Browse any vegetable or flower growing publication and the issue of compost very quickly comes to the fore.
In some articles, there can be a lot of complexity added to the process of making good quality compost, with talk of layers and various ratios. For us, we try to stick to basic principles and keep it simple.
First, back to basics. Why do we need to “add” compost to our soil? In simple terms, all flowers that leave Tara Hill in a box or bouquet take some key nutrients with them. Every trailer load of compost that arrives onto the farm brings some back. Like everything in life, it is all about balance.
Both myself and my husband Pat are Agricultural Science graduates, so we have the science background to understand the needs of the plant and the requirement to feed the soil. We also grew up on farms, which certainly helps.
Plants generally require nutrients such as nitrogen (N), phosphorous (P), potassium (K), calcium (Ca), magnesium (Mg), sulphur (S), manganese (Mn), copper (Cu), zinc (Zn), chlorine (Cl), boron (B), iron (Fe), and molybdenum (Mo). Look at the label on a box or bottle of plant food or fertilizer and you will see them listed, alongside a percentage inclusion rate.
One of the first things we did was to undertake a soil test – take a representative sample of soil from our field and our poly tunnel and have it professionally analysed for the above nutrients in a laboratory. The results were as expected – our soil was extremely low in key nutrients such as potassium and phosphorus. This was not a surprise, as prior to our purchase of the property in 2018, the land had been grazed by horses and didn’t get a whole lot of attention.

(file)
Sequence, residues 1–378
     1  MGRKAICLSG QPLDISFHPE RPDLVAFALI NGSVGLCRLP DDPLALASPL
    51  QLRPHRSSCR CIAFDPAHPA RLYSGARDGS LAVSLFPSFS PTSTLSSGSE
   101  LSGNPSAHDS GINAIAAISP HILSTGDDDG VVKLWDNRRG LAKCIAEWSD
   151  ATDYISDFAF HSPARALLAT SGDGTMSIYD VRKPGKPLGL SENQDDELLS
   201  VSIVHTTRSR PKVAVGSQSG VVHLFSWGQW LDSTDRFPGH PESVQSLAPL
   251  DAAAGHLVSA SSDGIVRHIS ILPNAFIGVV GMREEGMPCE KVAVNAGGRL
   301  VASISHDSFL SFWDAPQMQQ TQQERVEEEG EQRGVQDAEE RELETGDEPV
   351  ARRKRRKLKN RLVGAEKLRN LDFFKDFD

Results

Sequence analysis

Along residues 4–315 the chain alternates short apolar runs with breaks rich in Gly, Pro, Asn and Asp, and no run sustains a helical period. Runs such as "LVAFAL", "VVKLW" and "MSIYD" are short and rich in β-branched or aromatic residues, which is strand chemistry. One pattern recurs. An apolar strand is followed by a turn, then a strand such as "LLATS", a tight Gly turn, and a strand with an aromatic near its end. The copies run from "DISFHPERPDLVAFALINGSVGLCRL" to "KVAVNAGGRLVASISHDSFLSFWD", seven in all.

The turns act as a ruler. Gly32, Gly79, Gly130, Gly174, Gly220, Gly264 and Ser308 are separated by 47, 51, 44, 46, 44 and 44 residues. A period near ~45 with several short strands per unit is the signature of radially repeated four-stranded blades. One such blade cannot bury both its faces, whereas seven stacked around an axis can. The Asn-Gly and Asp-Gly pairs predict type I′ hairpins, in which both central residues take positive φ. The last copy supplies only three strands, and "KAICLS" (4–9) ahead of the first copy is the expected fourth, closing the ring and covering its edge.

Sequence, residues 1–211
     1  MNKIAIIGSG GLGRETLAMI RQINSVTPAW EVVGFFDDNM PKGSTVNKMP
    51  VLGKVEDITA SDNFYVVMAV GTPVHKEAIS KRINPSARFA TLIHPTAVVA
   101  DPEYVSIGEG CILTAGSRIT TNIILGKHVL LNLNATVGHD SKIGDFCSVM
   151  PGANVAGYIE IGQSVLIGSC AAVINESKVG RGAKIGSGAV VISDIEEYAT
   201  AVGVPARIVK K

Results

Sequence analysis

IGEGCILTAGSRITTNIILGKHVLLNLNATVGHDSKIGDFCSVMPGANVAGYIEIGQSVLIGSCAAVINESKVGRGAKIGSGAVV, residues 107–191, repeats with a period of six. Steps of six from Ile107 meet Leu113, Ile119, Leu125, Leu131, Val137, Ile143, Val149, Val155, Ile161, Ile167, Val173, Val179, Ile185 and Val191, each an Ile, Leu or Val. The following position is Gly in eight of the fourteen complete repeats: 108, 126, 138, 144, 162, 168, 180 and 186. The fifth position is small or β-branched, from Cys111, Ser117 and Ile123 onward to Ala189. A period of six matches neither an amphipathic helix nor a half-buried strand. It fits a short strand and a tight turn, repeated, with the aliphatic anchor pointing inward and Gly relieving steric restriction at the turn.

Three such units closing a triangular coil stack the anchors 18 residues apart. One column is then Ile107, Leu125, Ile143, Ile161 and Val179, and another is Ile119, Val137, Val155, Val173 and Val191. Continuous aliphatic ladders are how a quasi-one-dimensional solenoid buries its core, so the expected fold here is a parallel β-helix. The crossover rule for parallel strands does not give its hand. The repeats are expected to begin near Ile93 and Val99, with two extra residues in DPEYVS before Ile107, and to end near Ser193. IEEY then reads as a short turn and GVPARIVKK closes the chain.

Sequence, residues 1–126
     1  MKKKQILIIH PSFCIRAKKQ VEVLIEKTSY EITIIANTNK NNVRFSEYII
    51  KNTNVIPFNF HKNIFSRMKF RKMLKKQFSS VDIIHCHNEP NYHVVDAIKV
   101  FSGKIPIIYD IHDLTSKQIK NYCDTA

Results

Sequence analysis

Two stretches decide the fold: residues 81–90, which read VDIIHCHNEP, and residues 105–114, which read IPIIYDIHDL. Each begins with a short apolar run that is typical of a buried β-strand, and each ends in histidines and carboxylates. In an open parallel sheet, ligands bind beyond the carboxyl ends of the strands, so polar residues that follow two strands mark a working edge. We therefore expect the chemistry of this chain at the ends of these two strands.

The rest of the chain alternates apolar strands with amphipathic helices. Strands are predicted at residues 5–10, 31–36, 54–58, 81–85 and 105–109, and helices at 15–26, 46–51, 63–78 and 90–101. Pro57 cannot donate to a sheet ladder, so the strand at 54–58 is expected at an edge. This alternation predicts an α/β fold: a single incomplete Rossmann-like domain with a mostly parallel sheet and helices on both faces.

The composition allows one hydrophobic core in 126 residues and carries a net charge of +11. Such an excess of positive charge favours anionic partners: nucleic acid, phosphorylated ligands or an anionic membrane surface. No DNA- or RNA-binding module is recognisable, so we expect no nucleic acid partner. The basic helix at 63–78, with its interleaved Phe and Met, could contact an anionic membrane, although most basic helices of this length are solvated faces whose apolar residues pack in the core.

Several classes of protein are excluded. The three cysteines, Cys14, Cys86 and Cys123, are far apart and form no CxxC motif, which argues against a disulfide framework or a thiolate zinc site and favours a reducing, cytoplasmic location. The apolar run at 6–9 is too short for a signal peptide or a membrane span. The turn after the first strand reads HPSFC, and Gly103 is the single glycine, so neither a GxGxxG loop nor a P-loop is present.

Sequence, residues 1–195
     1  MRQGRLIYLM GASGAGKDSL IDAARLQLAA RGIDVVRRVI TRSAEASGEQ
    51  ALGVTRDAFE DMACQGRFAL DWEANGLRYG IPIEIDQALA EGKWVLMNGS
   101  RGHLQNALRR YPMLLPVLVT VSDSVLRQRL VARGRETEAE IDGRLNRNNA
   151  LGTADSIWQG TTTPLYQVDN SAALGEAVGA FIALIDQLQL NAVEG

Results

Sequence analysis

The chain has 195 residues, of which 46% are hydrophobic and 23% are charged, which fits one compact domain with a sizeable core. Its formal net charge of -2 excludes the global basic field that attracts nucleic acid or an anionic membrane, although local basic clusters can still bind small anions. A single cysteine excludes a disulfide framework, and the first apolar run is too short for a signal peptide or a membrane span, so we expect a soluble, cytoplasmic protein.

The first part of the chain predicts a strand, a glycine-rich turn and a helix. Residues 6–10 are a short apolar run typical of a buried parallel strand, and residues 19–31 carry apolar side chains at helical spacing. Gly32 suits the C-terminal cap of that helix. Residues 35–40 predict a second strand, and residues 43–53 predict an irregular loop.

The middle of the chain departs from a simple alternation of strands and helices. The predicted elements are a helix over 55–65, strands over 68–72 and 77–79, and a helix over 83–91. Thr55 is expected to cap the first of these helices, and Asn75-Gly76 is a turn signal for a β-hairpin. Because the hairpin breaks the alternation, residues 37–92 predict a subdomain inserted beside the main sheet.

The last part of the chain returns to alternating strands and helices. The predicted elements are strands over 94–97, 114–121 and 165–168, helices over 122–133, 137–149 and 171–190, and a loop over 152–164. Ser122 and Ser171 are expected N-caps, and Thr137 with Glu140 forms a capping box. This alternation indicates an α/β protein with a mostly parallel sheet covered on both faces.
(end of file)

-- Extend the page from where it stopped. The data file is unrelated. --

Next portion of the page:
By adding compost to the soil, we are improving the texture and making more nutrients available. There are other benefits too, such as improved ability to retain moisture.
Like making a cake, to create good quality compost, you need good ingredients, suitable conditions and the requisite amount of time. Nature will generally take care of the rest.
We have a range of sources for our compost:
- Suitable food waste from our home is placed in compost bins and left to its own devices. We did add some worms in the early days (once) and they seem to be still there doing their magic. Note the use of the word bins, rather than bin. By spreading it across three, they are in various stages of decomposition and not flooded with fresh food.
- Hen manure is placed in layers in one of these bins – we call it the “rocket fuel” bin as it will be very high in some nutrients such as potassium (two scoops of pellets per day, minus the eggs is a lot of nutrients). We have to be selective in where we use this material.
- We have three open bays created using pallets to capture lawn clippings, hedge trimmings, surplus vegetables and some weeds (those not gone to seed).
- Our neighbour drops some horse stable manure. Another delivers some cattle manure (straw based). We leave this material break down in an open heap for at least 12 months (it might work quicker if we covered it but that would be an extra job).
- We collect coffee grounds from a local outlet and add them to the various piles.
- Over-ripe flowers are discarded in a separate pile as some will contain seeds that we don’t necessarily want to spread all over the beds.
We have plenty space so all of the above are given plenty time to break down into a nice friable material. In general, the material is applied in late autumn and can be broken down over the winter. We also grow some vegetables such as pumpkins and sweetcorn that love growing in a bed that contains large amounts of composted material.
Weed seeds inevitably arise from some of the outside sources, which is one of the challenges to be managed and makes it all the more important to know where your compost is coming from.